The building is a visual feast of intricate mosaic calligraphy and rich floral motifs set within a wash of turquoise-blue tile work. The grace ofthe craftsmanship is such that it’s no wonder Robert Byron, writing of Isfahan’s mosques in The Road to Oxiana, remarked that he had ‘never encountered splendour of this kind before’. Neither had I. I spent over an hour in the majestic confines of this Safavid treasure and tried to reconcile all the negative comments that I’d heard about Iran in the West, with what stood before me – but couldn’t. Suffice it to say it’s very unwise to pass judgement on a place and its people until you’ve been there and met them. Finally, I left the complex and headed for the the Qeysarieh Tea Shop at far end of the square.A favourite meeting point for travellers, the tea shop is also popular with young Isfahanis eager to chat with foreigners. I’d taken a place at one of the tables when two Iranian women, both clad in long-sleeved coats, sat near me. I guessed the pair to be in their early twenties. Both wore headscarves high over their foreheads to expose silky locks of raven hair. Thin black eyeliner and a hint of lipstick completed the picture. This wasn’t the first time I’d noticed the subtle bending of the rules governing the hejab – the strict dress code adhered to by women across the land. But on this occasion I dwelt more thoughtfully on the fac t that many people in this country – male and female alike – are yearning for sweeping legal and social reform. Eventually, after a couple of furtive glances one of the women leaned forward. “Do you speak English?” she said. “Can we ask you something?” I straightened up. “Of course you can.” “Where are you from?” I told them. “Are you married?” The question caught me totally off guard. For a moment I was lost for words. “Erm, no,” I spluttered. “Why not?” “Well I… I don’t know,” I replied, shrugging helplessly. My clumsy answer elicited a burst of laughter from both before a quick deliberation in whispered Farsi. “And are you enjoying your stay in Isfahan?” the other inquired. “Yes, absolutely!” In fact it was “an educa tion,” I added, finding my feet.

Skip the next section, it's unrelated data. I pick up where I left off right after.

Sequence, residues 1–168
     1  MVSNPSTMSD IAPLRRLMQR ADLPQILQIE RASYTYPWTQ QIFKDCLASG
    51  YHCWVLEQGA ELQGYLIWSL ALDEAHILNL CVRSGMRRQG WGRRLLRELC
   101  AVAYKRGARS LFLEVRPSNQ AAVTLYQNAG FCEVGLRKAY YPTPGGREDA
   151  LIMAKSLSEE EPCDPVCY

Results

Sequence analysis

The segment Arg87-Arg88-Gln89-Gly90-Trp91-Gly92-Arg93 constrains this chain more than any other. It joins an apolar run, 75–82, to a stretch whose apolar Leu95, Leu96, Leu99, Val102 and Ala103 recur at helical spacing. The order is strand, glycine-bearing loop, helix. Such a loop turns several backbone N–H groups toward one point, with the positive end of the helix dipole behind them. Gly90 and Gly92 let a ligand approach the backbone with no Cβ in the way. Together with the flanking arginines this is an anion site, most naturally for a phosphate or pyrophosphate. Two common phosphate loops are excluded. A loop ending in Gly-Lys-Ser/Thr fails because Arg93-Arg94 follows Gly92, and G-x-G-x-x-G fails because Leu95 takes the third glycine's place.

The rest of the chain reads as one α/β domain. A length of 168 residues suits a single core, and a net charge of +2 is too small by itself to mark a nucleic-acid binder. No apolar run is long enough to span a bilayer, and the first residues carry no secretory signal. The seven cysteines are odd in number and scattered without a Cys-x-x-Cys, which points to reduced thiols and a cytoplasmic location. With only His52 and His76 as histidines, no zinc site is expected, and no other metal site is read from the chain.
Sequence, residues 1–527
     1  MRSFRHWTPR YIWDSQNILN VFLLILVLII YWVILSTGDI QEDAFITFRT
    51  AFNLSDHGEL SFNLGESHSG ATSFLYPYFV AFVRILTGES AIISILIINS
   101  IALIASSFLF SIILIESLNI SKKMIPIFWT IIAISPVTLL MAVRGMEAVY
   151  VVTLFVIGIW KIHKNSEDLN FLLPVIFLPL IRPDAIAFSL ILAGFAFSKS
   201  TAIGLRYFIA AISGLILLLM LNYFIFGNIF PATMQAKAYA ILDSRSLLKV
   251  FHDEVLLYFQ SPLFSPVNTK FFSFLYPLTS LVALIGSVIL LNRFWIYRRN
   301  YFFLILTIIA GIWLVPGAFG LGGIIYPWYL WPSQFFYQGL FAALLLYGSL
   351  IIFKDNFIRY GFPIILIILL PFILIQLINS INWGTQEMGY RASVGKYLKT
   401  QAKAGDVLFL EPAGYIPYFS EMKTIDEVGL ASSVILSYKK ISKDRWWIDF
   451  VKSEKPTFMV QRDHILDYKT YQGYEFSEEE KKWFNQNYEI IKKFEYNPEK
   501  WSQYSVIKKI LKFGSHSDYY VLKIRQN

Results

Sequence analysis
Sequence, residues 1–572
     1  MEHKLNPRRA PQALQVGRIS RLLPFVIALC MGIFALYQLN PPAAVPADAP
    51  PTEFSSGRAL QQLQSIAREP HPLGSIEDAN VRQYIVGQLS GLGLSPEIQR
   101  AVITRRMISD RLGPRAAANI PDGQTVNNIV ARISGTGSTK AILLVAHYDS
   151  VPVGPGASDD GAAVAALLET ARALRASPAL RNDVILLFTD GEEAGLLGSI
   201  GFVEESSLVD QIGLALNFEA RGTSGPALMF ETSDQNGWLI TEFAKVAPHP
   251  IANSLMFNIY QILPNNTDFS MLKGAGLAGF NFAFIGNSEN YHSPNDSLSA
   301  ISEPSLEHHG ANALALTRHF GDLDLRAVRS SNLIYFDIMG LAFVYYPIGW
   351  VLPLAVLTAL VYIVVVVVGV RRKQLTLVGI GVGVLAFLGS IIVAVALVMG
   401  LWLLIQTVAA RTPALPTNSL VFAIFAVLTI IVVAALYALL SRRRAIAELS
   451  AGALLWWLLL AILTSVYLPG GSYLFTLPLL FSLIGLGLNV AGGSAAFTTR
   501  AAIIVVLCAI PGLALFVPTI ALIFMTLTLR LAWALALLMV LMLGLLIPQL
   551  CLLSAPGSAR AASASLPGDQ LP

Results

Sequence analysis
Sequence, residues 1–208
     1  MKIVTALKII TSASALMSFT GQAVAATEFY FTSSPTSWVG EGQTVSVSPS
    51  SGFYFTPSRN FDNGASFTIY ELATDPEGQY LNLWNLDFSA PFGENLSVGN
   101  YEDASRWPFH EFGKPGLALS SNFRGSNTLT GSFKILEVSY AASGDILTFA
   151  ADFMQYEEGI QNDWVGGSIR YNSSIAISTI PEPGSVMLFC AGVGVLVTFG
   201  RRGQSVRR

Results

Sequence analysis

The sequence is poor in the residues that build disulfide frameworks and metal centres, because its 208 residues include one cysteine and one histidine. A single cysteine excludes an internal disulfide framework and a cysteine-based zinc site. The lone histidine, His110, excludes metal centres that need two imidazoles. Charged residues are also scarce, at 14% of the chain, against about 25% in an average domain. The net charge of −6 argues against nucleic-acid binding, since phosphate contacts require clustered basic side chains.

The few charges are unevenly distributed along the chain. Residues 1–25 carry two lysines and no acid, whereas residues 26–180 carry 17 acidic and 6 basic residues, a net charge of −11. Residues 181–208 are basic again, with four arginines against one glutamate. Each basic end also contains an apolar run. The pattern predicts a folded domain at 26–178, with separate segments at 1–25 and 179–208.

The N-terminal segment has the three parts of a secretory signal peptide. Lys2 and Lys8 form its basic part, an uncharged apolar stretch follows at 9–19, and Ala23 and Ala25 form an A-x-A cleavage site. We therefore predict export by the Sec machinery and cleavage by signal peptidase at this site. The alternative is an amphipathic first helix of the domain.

I described my visit as a wholly enlightening experience, while the two listened attentively, nodding occasionally as I rambled on. “But what is it like living in the West?” began the interjections. “Is it expensive? Have you been to America? We would like to travel too….” Thus our conversation continued, a curious exchange of guarded opinion and wishful thinking, interrupted only by the arrival of a pot of tea, a bowl of crunchy sugar cubes and three glasses. Soon, the pale afternoon light began yielding to the lilac shade of encroaching nightfall. Pausing, I stole a glance back across ImamKhomeini Square, its regal outline now bathed in a floodlit wash. Was this the view that prompted the well-known sixteenth-century Iranian proverb Isfahan nesf-é jahan – ‘Isfahan is half the world’? I convinced myself that it was.